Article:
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Two unpaved segments of the Great Western Trail are currently open in rural Weld County at the northwestern corner of Colorado's Eastern Plains. Both portions were built on a railbanked Great Western Railway corridor—hence the trail's name—that carried trainloads of local farms' sugar beets to processing plants from 1905 to 1977.
The 3.3-mile western stretch begins at a restored trestle over an irrigation ditch at the northeastern edge of Windsor, where it links with the city's extensive trail system. After traveling northeast through acres of farmland, the trail eventually ends just north of the small town of Severance.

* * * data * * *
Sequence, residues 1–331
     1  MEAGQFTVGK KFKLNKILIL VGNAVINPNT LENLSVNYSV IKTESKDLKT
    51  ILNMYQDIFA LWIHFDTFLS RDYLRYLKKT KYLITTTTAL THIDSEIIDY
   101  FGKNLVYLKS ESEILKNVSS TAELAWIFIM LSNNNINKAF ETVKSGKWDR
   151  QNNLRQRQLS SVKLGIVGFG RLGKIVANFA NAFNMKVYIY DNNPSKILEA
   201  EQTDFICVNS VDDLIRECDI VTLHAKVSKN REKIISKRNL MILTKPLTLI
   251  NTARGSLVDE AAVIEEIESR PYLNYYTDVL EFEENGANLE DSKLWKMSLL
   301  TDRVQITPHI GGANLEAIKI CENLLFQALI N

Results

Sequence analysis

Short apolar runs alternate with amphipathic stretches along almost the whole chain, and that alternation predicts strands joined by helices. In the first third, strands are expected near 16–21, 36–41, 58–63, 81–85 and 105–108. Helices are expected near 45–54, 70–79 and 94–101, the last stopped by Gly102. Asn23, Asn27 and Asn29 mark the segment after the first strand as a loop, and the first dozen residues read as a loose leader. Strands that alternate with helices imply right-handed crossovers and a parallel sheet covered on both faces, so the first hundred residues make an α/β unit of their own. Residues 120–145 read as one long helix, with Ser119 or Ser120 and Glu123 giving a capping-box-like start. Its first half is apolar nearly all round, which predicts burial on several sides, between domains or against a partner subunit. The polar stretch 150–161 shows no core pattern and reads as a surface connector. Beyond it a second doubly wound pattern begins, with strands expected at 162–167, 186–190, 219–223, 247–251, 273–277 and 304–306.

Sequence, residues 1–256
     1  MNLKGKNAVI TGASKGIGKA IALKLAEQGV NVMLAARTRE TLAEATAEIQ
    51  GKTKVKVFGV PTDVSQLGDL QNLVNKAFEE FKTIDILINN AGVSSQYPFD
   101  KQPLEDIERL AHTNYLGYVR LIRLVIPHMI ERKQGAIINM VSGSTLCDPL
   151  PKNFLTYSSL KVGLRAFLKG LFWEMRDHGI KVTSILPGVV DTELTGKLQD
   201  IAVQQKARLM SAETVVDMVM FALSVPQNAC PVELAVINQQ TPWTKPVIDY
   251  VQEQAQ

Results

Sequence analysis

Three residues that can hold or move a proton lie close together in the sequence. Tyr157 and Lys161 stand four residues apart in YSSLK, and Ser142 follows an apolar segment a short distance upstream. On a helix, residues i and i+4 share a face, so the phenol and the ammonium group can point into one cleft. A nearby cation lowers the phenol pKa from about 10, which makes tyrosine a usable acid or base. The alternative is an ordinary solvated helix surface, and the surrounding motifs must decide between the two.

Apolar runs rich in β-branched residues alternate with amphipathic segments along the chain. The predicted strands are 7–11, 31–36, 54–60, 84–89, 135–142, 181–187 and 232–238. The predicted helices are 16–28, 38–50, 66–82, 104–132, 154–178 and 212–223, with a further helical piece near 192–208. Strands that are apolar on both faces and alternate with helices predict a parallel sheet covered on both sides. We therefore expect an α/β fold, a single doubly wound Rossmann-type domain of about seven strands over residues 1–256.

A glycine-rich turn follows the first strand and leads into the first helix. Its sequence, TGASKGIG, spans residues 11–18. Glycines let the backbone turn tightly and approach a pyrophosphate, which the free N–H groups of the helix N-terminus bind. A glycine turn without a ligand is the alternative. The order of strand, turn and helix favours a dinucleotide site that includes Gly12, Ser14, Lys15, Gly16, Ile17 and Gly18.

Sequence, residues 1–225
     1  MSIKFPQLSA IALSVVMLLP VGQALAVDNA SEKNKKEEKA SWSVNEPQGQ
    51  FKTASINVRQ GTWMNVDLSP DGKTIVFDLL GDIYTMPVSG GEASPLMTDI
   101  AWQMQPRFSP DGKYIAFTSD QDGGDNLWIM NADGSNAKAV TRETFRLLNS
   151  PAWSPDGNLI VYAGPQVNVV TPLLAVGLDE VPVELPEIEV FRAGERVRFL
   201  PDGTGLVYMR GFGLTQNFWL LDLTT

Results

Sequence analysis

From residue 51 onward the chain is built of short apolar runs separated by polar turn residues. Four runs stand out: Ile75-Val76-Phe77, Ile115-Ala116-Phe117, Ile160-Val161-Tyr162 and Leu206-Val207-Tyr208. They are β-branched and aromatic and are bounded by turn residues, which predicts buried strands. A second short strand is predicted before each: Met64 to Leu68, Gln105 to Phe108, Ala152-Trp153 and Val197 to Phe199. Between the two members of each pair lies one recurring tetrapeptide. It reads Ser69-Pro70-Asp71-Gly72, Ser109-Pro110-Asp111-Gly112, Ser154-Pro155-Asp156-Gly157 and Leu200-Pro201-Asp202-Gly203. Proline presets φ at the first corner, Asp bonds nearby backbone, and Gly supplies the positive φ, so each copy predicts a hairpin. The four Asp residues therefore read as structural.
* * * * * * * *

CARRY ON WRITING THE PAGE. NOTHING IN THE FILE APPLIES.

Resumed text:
Farther east, a disconnected 1.1-mile segment passes through the town of Eaton. In the future, both segments will be connected and the entire trail will be surfaced with crushed stone, offering a pleasant 12-mile recreational amenity stretching across picturesque farmland.
Parking for the Great Western Trail is available where it crosses County Road 74 (4th Avenue) in Severance and where it terminates at CR 37 (Cheyenne Avenue) in Eaton.
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